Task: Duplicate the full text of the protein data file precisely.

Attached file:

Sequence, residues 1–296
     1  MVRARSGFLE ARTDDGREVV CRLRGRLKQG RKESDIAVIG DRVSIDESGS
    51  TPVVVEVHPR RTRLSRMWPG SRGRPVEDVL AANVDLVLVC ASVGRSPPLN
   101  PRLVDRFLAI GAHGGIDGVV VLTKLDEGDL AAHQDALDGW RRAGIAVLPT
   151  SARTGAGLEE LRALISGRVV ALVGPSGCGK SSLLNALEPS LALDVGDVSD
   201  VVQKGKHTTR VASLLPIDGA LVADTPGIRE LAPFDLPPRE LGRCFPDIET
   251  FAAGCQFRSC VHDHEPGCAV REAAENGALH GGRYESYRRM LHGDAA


Sequence, residues 1–296
     1  MVRARSGFLE ARTDDGREVV CRLRGRLKQG RKESDIAVIG DRVSIDESGS
    51  TPVVVEVHPR RTRLSRMWPG SRGRPVEDVL AANVDLVLVC ASVGRSPPLN
   101  PRLVDRFLAI GAHGGIDGVV VLTKLDEGDL AAHQDALDGW RRAGIAVLPT
   151  SARTGAGLEE LRALISGRVV ALVGPSGCGK SSLLNALEPS LALDVGDVSD
   201  VVQKGKHTTR VASLLPIDGA LVADTPGIRE LAPFDLPPRE LGRCFPDIET
   251  FAAGCQFRSC VHDHEPGCAV REAAENGALH GGRYESYRRM LHGDAA